The king has left the building.
We ran across this 1974 Bruce Lee memorial magazine originally printed in Hong Kong and sold throughout South Asia and had to share it. The cover is amazing, we think, with its blue background and golden hand graphics. The interior photos aren't in color except for the insides of the the covers, but among them are some interesting ones, including childhood shots, photos of his wife Linda Emery, promo images from his movies, and a couple of shots of Lee in his coffin, which some may find morbid. We especially like the production photo of Lee and Kareem Abdul-Jabbar from Game of Death, and the shot of him with his son Brandon. The magazine is short—only 26 pages including the covers, but on the rear you get a photo medley of Lee in various modes, which is a nice way to end the collection. We have more pieces of Lee memorabilia in the website, so click his keywords at bottom if you want to check those out.
Don’t love the Game, love the player.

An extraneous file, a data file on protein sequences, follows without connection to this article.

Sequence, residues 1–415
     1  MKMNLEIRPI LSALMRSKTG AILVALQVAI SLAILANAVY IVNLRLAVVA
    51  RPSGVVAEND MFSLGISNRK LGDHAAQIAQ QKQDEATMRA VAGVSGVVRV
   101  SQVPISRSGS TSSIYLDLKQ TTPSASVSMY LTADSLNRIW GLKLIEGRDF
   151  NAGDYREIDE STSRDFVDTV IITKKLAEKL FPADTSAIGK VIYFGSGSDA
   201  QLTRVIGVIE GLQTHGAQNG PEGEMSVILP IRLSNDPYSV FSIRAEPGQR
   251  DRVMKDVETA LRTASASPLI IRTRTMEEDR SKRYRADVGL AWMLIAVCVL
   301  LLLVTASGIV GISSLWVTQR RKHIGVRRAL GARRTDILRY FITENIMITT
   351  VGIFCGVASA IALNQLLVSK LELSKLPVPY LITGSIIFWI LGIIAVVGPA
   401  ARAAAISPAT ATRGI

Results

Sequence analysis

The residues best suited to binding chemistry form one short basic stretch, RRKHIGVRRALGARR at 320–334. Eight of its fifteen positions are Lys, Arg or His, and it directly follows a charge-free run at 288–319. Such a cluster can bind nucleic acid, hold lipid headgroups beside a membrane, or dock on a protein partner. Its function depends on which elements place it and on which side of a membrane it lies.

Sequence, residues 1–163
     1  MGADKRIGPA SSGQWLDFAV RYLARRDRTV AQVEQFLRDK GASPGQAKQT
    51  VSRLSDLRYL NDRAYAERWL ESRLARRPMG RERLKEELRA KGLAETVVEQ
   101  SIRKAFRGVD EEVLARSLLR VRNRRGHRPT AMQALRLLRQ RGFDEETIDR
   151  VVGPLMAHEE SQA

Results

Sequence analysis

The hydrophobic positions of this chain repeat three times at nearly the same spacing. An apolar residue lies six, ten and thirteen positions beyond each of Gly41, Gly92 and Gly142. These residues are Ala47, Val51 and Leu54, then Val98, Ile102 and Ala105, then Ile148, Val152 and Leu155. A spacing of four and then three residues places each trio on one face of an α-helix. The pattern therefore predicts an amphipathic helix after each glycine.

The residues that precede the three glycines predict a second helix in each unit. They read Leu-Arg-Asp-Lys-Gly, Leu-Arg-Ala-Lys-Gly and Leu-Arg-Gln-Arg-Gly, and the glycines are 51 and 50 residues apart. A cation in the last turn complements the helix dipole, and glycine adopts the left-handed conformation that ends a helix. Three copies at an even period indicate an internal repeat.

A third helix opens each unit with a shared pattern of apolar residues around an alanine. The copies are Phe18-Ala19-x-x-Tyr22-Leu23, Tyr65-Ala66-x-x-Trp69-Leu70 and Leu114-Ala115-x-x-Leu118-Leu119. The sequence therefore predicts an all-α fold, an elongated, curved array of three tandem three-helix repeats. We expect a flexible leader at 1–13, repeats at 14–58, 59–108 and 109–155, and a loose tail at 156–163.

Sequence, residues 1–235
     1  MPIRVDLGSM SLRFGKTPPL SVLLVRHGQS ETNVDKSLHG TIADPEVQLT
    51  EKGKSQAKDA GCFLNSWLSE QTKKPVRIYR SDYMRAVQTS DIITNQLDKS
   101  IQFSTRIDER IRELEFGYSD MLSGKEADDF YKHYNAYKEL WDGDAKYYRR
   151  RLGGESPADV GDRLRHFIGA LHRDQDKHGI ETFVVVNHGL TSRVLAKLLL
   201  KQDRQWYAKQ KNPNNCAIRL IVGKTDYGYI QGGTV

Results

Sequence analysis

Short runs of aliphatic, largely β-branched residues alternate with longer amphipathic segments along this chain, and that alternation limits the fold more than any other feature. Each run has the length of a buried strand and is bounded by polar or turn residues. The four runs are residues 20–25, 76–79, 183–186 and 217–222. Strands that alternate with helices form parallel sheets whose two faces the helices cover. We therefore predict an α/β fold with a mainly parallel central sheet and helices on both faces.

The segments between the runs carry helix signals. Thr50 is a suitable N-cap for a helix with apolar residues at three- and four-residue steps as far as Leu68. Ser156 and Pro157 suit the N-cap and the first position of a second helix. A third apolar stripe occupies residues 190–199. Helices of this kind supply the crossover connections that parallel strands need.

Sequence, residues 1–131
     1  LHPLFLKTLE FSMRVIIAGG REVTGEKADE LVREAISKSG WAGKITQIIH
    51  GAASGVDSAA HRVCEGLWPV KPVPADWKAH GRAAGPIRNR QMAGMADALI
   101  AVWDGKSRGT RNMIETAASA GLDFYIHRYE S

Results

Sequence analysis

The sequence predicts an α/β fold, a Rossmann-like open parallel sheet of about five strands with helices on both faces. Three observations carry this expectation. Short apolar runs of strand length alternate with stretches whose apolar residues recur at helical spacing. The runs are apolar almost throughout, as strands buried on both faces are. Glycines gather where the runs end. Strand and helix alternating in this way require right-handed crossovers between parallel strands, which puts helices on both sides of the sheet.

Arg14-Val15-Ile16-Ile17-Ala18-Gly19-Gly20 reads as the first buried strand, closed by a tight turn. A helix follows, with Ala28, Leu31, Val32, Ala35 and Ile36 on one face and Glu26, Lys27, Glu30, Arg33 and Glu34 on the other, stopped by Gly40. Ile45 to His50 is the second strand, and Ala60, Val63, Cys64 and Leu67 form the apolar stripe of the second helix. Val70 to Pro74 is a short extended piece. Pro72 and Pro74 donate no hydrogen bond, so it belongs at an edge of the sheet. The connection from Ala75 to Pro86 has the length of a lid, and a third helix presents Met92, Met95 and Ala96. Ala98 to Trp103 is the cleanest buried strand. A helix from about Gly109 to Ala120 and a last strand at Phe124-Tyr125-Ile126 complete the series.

Mining dead artists for profit is a well-established (if ethically dubious) tradition. Ernest Hemingway somehow kept publishing novels after his suicide. Tupac Shakur released more albums after he was shot to death than when he was alive. And Game of Death, for which you see the Japanese promo art above, hit theaters after Bruce Lee died unexpectedly during filming. The film's producers, who had been left with a large cash outlay and no star, cobbled together a disjointed finished product using doubles and old footage, and when the end result was unveiled to the world, everyone from Lee’s family to his die-hard fans labeled it a blight on Lee’s legacy. But we take a different view. Lee wasn’t famous because he was an actor—he was famous because he was a visual artist. His acting was always secondary, merely a convenient medium of delivery for his martial arts. Like a dead musician whose final few great songs are released on a disc filled out by mediocre live recordings and outtakes, Game of Death’s Lee footage should be judged apart from the film as a whole. Seen in that light, you’ll be able to appreciate the fact that Lee is sublime in his last few choreographed fights, even if the filler material surrounding him is a mess. From what we’ve read, Lee’s original concept for this movie was ambitious, interweaving bits of philosophy and spirituality into a violent quest for higher consciousness in both life and martial arts. Had the project been finished, it probably would have been the greatest martial arts epic ever made. But even if the film never reached such lofty heights, we can still enjoy Lee’s last moments working in the craft he loved. Game of Death premiered today in Japan in 1978. More rare promo art below.